# Determining if a language is Recursively Enumerable

Here is a problem from John Hopcroft's "Introduction to Automata Theory" that I'm having a hard time trying to understand.

Exercise 9.2.5: Let L be recursively enumerable and let Overscript[L, _] be non-RE. Consider the > language:

L' = {0w | w is in L} $\cup$ { 1w | w is not in L }

Can you say for certain whether L' or its complement are recursive, RE, or non-> RE? Justify your answer:

"Note that the new language defined in the displayed text should be L'; it is > > different from the given language L, of course. Also, we'll use -L for the > > complement of L in what follows. Suppose L' were RE. Then we could design a TM M for -L as follows. Given input w, M changes its input to 1w and simulates the hypothetical TM for L'. If that TM > accepts, then w is in -L, so M should accept. If the TM for L' never accepts, > then neither does M. Thus, M would accept exactly -L, which contradicts the fact > that -L is not RE. We conclude that L' is not RE."

and here is what I don't get:

..."Thus, M would accept exactly -L, which contradicts the fact that -L is not RE"....

Why? M is the Turing Machine for -L, so it is supposed to accept -L, right?

If we can construct a Turing Machine for a language, then it is RE. We have constructed a TM for something we know is not RE (-L), based on the TM for the supposedly RE L'. So what? how does this leads to the conclusion that L' is not RE? I'm very confused...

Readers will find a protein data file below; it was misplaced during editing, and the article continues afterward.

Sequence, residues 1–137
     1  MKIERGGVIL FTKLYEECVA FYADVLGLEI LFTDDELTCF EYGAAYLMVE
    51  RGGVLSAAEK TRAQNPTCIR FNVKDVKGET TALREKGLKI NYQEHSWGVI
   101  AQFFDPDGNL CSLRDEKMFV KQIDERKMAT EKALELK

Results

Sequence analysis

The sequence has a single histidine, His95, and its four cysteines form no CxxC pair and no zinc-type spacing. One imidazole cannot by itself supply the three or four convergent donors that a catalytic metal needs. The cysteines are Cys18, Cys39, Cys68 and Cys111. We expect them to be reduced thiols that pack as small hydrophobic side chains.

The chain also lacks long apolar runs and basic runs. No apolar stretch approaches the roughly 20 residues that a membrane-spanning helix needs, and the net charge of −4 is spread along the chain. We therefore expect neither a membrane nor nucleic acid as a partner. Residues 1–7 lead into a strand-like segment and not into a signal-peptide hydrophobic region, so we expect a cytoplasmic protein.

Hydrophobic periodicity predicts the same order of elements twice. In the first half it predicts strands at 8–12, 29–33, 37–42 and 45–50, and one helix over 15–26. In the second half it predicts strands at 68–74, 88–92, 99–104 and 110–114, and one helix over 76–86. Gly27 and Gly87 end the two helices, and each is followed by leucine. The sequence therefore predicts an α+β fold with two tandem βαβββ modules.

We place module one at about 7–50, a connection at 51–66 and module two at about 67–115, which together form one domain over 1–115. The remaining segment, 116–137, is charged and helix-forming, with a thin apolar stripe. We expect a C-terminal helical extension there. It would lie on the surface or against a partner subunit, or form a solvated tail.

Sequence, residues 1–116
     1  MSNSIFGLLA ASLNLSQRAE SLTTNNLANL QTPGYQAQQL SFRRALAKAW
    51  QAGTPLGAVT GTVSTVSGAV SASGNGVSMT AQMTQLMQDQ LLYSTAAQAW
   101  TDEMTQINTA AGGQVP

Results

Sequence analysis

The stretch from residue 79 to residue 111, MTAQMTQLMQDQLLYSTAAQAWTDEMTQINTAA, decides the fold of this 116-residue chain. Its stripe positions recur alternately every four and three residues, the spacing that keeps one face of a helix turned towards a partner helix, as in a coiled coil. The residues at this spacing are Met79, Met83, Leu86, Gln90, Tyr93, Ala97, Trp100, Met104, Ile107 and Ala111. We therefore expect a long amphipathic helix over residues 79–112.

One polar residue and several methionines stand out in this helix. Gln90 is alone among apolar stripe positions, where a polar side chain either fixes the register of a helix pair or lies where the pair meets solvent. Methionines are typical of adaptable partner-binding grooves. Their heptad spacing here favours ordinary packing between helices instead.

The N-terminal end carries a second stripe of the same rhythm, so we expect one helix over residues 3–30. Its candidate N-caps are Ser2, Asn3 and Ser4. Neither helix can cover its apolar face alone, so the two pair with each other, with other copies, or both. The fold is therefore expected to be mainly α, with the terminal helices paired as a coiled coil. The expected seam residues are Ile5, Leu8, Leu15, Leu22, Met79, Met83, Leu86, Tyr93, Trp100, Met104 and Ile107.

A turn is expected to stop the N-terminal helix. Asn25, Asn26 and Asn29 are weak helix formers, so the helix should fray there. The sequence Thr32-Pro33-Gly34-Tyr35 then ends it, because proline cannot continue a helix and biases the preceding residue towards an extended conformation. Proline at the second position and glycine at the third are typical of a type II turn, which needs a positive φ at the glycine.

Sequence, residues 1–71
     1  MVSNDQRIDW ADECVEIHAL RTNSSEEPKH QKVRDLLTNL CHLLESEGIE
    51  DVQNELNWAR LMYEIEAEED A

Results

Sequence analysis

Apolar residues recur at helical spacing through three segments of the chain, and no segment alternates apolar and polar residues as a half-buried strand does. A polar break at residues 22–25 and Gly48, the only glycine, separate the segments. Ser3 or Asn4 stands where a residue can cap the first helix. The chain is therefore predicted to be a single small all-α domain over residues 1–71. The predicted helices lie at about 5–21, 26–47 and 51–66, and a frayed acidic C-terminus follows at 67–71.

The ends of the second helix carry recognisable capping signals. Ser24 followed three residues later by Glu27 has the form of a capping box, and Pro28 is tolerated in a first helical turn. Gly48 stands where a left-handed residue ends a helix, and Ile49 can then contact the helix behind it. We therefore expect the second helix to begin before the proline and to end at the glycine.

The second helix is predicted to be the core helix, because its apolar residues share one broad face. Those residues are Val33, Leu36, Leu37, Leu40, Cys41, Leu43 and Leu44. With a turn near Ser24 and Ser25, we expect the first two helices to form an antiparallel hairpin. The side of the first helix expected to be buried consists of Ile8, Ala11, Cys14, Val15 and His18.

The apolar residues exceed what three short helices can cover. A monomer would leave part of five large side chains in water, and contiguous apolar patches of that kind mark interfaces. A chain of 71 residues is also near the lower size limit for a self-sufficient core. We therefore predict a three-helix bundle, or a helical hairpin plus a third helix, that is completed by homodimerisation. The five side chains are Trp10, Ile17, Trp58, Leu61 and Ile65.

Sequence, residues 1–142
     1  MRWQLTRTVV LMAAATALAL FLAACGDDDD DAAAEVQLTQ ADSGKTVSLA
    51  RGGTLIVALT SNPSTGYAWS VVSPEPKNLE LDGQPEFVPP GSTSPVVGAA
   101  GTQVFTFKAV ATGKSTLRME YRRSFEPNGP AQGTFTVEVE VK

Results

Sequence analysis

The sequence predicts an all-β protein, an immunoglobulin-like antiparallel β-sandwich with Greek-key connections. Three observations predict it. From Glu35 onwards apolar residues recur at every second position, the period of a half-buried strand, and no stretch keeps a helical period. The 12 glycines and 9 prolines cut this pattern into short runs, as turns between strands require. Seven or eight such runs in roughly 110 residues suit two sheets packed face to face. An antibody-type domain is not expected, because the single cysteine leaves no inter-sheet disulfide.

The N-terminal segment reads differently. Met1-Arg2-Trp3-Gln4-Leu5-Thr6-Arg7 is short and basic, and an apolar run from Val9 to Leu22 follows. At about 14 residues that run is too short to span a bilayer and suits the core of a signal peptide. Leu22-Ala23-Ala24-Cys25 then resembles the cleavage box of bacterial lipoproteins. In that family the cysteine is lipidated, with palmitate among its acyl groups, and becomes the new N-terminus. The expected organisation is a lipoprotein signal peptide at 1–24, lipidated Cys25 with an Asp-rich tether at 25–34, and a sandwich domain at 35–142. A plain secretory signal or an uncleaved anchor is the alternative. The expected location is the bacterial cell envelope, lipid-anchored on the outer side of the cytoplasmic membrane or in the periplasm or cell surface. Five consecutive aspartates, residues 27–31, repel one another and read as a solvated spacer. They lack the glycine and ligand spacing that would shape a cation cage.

Any help will be much appreciated

Thanks!

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It was assumed that the complement of $L$ is not r.e. –  André Nicolas Jun 15 '12 at 21:06

The hypothesis of the exercise is that $L$ is RE and $-L$ is not RE. The argument is that if $L'$ were RE, then $-L$ would also be RE, contradicting this hypothesis.

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$L'$ is not c.e. If $L'$ was c.e., then you can enumerate computably all the elements of $L'$. From this computable enumeration of $L'$, you can make an enumeration of $\overline{L}$ as follows: in the enumeration of $L'$, if you see a string enumerated that starts with $1$ of the form $1w$, then put $w$ into the enumeration of $\overline{L}$. This gives an enumeration of $\overline{L}$, so $\overline{L}$ is c.e. Contradicting the assumption. Since $L'$ is not c.e., it can not be computable.
Note that $-L' = \{0w : w \notin L\} \cup \{1w : w \in L\}$. Apply the same argument to $-L'$ to conclude it is not c.e.